Tiredness was a major factor in how likely I was to be triggered when breastfeeding, and my baby was not just a night feeder, he was a night cluster feeder. So, I was exhausted, and it was dark for many of his feeds, which made all the memories worse as I as getting so little sleep. He liked to stroke my breasts while he was feeding and that used to trigger flashbacks and panics at the slightest touch when I was tired. To try and stop his wandering hands, I would try and hold my baby’s hand or let him grab my fingers but he wasn’t always happy doing this. I tried little toys, but he didn’t like that either. Nursing necklaces didn’t work for me because having things around my neck would set off flashbacks. I started to doubt whether I could continue feeding, as I was scared that my little one would notice that I would look away or on occasions pull away and I began to feel really sad.
I was still determined to breastfeed though, and so I would focus on my baby, talking to him about what was around me. I used the grounding techniques that were helpful at other times, but spoke aloud about what I could see, hear and smell. Sometimes this would lead into making a little story for him about anything… a bee going shopping… anything just to try and focus on anything but the vivid memories of the bodily reactions I was experiencing.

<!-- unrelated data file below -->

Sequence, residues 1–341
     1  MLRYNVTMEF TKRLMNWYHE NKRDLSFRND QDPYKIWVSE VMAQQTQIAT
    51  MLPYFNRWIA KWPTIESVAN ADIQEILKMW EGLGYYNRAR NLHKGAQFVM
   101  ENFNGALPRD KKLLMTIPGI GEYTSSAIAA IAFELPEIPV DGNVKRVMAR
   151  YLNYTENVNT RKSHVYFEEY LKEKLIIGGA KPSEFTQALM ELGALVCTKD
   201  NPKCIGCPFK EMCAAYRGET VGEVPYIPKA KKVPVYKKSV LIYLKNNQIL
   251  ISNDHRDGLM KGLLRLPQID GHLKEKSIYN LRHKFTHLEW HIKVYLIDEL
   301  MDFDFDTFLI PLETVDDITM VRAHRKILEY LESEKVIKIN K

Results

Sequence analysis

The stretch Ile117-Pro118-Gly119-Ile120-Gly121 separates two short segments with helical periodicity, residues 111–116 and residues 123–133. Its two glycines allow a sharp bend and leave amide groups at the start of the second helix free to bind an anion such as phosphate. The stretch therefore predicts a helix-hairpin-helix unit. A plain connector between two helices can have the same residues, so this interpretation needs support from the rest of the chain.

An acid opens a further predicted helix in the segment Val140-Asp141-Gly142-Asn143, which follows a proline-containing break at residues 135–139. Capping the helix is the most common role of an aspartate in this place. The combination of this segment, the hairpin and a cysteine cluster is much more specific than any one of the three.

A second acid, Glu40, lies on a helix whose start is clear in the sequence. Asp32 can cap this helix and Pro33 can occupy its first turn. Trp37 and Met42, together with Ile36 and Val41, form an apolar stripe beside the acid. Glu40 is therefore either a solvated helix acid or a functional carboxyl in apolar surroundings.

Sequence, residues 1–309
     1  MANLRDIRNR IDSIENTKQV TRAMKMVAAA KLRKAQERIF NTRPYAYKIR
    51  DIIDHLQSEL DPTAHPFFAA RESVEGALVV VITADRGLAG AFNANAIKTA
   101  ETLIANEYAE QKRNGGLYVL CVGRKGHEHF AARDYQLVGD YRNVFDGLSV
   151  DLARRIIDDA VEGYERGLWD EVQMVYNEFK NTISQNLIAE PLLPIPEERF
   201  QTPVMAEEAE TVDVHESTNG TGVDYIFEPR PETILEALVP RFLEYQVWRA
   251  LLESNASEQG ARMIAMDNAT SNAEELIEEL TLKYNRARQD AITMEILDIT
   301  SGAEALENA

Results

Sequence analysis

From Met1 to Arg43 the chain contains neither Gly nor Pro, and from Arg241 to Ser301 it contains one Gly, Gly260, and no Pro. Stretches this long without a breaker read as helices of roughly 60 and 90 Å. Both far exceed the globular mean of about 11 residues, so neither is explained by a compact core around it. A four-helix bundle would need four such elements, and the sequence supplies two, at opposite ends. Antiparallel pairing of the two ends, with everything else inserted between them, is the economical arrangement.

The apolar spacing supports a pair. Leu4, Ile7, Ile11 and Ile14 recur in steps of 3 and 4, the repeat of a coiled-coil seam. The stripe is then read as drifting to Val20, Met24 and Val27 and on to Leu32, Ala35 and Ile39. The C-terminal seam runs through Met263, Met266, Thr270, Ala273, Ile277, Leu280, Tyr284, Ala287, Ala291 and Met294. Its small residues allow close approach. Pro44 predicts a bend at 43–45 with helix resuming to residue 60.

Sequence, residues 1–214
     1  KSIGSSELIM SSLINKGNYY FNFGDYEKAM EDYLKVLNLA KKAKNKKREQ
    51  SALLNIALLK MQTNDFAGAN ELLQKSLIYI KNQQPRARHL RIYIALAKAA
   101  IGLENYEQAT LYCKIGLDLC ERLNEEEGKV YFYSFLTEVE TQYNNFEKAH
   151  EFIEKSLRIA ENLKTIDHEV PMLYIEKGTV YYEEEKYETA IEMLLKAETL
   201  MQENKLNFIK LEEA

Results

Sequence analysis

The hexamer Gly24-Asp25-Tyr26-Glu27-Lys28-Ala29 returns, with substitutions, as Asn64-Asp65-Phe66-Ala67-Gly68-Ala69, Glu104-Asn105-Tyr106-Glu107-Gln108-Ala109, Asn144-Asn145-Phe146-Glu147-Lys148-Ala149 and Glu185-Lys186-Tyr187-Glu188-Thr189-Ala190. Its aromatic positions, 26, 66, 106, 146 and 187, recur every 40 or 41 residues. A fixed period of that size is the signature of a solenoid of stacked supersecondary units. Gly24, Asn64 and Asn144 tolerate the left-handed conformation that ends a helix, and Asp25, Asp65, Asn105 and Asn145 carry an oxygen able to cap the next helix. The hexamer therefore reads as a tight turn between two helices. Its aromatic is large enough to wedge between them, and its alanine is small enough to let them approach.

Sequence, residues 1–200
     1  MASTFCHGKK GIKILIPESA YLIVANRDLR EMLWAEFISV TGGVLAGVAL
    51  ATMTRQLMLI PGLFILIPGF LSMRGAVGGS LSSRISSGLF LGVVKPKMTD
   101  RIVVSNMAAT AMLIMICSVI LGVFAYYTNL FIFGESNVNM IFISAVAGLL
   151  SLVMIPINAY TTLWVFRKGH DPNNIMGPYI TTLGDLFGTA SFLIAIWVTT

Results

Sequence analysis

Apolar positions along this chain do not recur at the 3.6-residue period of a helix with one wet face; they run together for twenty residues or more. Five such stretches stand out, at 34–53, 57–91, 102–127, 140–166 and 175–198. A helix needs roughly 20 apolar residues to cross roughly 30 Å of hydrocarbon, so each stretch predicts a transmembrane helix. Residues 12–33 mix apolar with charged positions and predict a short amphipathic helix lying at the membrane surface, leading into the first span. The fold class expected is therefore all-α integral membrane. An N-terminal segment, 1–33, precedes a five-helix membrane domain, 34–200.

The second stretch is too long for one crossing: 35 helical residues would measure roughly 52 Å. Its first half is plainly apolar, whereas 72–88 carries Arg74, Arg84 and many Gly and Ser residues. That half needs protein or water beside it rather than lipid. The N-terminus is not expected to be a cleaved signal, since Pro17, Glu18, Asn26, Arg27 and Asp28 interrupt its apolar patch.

When the touch was too much I would hold and stroke my little one’s hand, which would distract me and allow me to focus all my attention on my son and how beautiful he was and take the bad memories away. The breastfeeding journey was up and down; as soon as I found a technique that seemed to work something else would crop up. Teething was a particularly difficult time for me in terms of feeds triggering memories of abuse.
It was so hard, as it’s not a subject you feel you can ask someone about. As my baby got older, things didn’t always work and even into toddlerhood, he was not a good sleeper. At around 18 months, I found my local LLL Facebook group at a time when I was struggling hugely, and I wish I had found it earlier!
Initially I only asked about nighttime feeding, as my baby was waking hourly at that point, and biting, as that was also an issue at that time. Over time I felt comfortable sharing more with my local Leader and talked about how breastfeeding sometimes triggered memories and feelings of abuse. With her support I explored other options and found alternative techniques that helped. On particularly bad days I used earphones to listen to music to distract myself from horrible memories, but I felt so guilty, that I should be enjoying my time with my baby and not ignoring him. The suggestion that I could adapt this and just have one earphone in and continue to talk to and interact with my son was one that worked well for me.